I was invited (challenged?) to comment on Ares concerning my last posting where I covered Bill Sweetman's latest assault on 'all things F-35'. I commented, leaving a link to the post.
I considered the possibility that it was a setup of sorts, but wasn't concerned as much as curious as to what he had in mind. Tonight I checked back at Ares, and Sweetman had responded. I was somewhat disappointed in the response and can dismiss it rather easily. So I tried to post a response tonight (Can't sleep, been sleeping all day and all weekend trying to get over the bug).
Odd thing happened though. My attempt to post the first part of a two-part response just seemed to hang up in the process. I had broken my response in two to match format limits, but that won't be necessary if I post it here. I'll try and post at Ares in the AM to see if the 'glitch' has cleared up. If not, I'll add it below, and change the title to "Journalists Who [Apparently] Have no Critical Reading Skills Either" .
Well, I woke up in a hacking fit, rebooted the computer, and tried again a couple of hours later, STILL "No Joy". I provide my correction of Mr. Sweetman's counter-comment at Ares (Sweetman in Italics) with a few non-Nyquil additions in [brackets]. I'll come back and add links and labels when I next come up for air or feel better. I may just fold this whole thing into the bottom of the original post. My response begins below the line
(Sweetman) You appear to be trying to make two points.
I did make two points.
(Sweetman) Rather than my $60m current URFC, which I based on three consecutive years in the most recent SAR, you claim the figure should be $80 million.
NO. I did not 'claim' the figure 'should be' $80M. I demonstrated that, just as Thompson indicated “by perusing the Pentagon’s Selective Acquisition Reports”, such information could be found.
I identified information in the latest SAR that I saw as perhaps clues to the $80M figure that could be found in an earlier SAR. Those clues led me to information in an earlier SAR: the immediately preceding 2011 SAR. Whether estimating then-year unit cost off the base year cost or simply dividing then-year total cost by the units – both arrive at a value close enough to be ‘about’ $80M.
(Sweetman)You base that number on one estimated 13-aircraft "close-out" buy in an older report. This is more accurate... exactly how?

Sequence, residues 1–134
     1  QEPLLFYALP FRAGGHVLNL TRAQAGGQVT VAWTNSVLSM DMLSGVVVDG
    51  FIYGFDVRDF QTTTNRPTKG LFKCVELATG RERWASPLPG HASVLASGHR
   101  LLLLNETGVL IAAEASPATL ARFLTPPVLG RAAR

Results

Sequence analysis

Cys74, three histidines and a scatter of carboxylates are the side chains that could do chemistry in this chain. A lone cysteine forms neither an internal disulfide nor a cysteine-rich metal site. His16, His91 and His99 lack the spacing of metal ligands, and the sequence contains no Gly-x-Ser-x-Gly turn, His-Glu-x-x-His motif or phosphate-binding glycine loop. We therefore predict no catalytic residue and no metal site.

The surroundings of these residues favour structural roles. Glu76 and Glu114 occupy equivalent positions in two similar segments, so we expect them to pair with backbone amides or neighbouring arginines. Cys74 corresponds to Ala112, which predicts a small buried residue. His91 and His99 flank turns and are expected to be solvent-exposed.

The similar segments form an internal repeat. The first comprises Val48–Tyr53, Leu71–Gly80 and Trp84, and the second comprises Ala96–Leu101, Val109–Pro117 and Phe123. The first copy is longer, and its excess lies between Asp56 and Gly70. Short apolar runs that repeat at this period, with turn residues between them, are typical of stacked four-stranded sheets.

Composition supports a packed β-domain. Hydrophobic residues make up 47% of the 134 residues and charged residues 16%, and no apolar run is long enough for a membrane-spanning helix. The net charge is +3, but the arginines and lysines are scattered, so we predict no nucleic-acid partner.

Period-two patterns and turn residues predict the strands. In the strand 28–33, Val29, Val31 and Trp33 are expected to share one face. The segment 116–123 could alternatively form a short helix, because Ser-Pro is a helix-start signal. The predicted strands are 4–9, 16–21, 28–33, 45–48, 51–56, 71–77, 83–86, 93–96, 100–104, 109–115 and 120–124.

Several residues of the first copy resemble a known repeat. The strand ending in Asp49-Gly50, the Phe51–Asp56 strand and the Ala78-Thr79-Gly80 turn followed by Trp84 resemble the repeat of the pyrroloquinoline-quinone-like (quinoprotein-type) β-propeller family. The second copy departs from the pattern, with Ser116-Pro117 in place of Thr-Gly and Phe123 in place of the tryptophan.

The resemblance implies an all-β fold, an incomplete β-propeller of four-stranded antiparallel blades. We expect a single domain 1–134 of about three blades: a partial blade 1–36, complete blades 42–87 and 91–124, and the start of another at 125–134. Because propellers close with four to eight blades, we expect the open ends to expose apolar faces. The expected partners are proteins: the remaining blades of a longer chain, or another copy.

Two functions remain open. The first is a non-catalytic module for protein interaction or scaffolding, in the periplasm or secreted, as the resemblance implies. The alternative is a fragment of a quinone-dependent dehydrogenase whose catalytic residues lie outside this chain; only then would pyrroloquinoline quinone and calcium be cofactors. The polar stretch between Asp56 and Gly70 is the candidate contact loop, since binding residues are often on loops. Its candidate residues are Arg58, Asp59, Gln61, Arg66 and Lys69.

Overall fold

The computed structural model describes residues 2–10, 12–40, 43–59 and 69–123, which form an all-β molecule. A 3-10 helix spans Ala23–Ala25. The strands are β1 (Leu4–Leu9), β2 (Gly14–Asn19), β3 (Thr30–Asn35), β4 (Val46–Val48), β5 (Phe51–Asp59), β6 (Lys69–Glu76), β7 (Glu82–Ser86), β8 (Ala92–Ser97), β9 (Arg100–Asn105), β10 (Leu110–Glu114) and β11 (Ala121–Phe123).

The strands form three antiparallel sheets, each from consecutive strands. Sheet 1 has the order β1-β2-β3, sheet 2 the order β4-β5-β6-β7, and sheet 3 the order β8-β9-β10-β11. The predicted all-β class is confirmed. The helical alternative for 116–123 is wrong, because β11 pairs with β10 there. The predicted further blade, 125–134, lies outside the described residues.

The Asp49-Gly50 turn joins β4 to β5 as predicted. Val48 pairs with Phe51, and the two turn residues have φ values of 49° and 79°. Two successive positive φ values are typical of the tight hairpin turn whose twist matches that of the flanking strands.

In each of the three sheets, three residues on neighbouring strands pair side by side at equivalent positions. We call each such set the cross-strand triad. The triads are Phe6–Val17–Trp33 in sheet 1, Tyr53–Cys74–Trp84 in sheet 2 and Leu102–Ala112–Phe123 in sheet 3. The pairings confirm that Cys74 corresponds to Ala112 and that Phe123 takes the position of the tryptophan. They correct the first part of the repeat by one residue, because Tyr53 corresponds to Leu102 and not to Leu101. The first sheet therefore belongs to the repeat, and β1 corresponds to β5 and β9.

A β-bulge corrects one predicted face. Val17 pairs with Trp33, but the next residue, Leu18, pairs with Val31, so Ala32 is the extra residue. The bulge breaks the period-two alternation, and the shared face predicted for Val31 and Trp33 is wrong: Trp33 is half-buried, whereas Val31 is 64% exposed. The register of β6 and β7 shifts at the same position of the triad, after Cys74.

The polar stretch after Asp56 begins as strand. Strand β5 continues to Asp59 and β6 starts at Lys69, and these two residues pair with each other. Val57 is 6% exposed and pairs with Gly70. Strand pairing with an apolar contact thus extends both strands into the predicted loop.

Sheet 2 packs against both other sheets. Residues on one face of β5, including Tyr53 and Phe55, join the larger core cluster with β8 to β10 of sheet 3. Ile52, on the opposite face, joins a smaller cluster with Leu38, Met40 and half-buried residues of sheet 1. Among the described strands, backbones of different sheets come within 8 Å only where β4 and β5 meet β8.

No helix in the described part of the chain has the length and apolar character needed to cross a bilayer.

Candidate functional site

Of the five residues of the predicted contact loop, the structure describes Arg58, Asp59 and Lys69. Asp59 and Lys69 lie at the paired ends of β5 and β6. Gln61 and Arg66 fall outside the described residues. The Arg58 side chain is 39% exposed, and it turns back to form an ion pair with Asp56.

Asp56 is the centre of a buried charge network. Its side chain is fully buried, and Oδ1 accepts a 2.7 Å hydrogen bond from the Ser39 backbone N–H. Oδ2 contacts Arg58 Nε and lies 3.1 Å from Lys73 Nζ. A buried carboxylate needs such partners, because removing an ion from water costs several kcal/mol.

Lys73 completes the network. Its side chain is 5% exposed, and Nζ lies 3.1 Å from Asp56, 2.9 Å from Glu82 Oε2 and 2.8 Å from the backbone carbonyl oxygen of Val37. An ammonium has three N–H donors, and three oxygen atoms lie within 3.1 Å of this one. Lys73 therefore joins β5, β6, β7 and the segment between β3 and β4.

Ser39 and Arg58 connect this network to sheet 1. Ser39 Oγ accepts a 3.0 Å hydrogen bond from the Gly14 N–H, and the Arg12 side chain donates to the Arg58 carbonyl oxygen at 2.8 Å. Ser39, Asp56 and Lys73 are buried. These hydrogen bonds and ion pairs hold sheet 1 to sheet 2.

It is more accurate:
- because it was in the program of record at the time.
- because it reflected actual expected annual quantity buy and costs [which are the most current values for cancelled 2014 buy].
- most of all because it reflected a single-year procurement price, as the previous years that you chose to ‘average’ include the benefit of a multi-year buy [and FMS price support].
- because it also reflected the fact that there were no E-18Gs programmed at the time (for the first time in years) and were therefore not also providing price support 'off the F-18E/F books'.
[As another aside, whereas I can point to definite drivers for the increased cost, "close-out" buy is vague, undefined, and in this case unsupported: a 'throwaway' term.]
My first point is therefore made: Facts are in evidence that indicate substance behind Thompson’s $80M figure and [intelligent people may deduce that] therefore indignation and/or incredulousness were unwarranted.
(Sweetman)Then, you dispute my estimate for the 2001 cost by using a different inflation factor, called "economy cost".
NO. My second point was explicit: “Without the quantification of all “the necessary electronics included”, or estimation method used Thompson’s figures aren’t really debatable.” I then added that whatever your estimation was based upon, “it still does not invalidate Thompson’s claims if he uses another recognized inflation adjustment method, SUCH AS that for ‘Economy Cost’.”
[ If Thompson's numbers bothered me, my first instinct would be to send an e-mail to him first asking him "Hey, what do you base those numbers on? I guess I'm too inquisitive to be a 'journalist']
(Sweetman)But the Pentagon doesn't use it - and neither does anyone else. A Google search for the term (in quotes) does not show it as a method of calculating inflation in its first four pages. If I add the words "inflation method" to the search I get two hits - the source that you link to, and your page.
Since my point, again, was that without more data ANY evaluation is futile, this is pretty much a ‘red herring’, but I’ll play along. You would have had better luck with Elsevier instead of Google but not by much. First, because ‘Economy Cost’ is a pretty esoteric term. Second, “Economy Cost” is one of those word combinations that will yield multitudes of results far more popular and unrelated or at best peripheral: akin to looking for information on the web concerning incubating eggs by typing in ‘hot chicks’.
In any case, the ‘website’ is part of a project run by two economics professors, with about a dozen international members--apparently all of them also economics professors--on their project advisory board. Ergo: ‘somebody’ uses it.
BTW and not that it matters either: DoD uses OMB inflation figures, it may be authoritative for DoD estimating but not necessarily ‘accurate’ for a 'true' perspective . In DAU it is taught that DoD estimating methods are often disconnected (lower) from methods used by the rest of the world, because “OMB inflation rates reflect policy goals rather than a consensus of forecasters”(link: a dot mil site: ignore warning to view). That's an interesting pedigree isn't it?
(Sweetman) Thanks for playing.
Oh No. Thank You. [Its always appreciated when the big boys come down and inspire the hoi polloi.]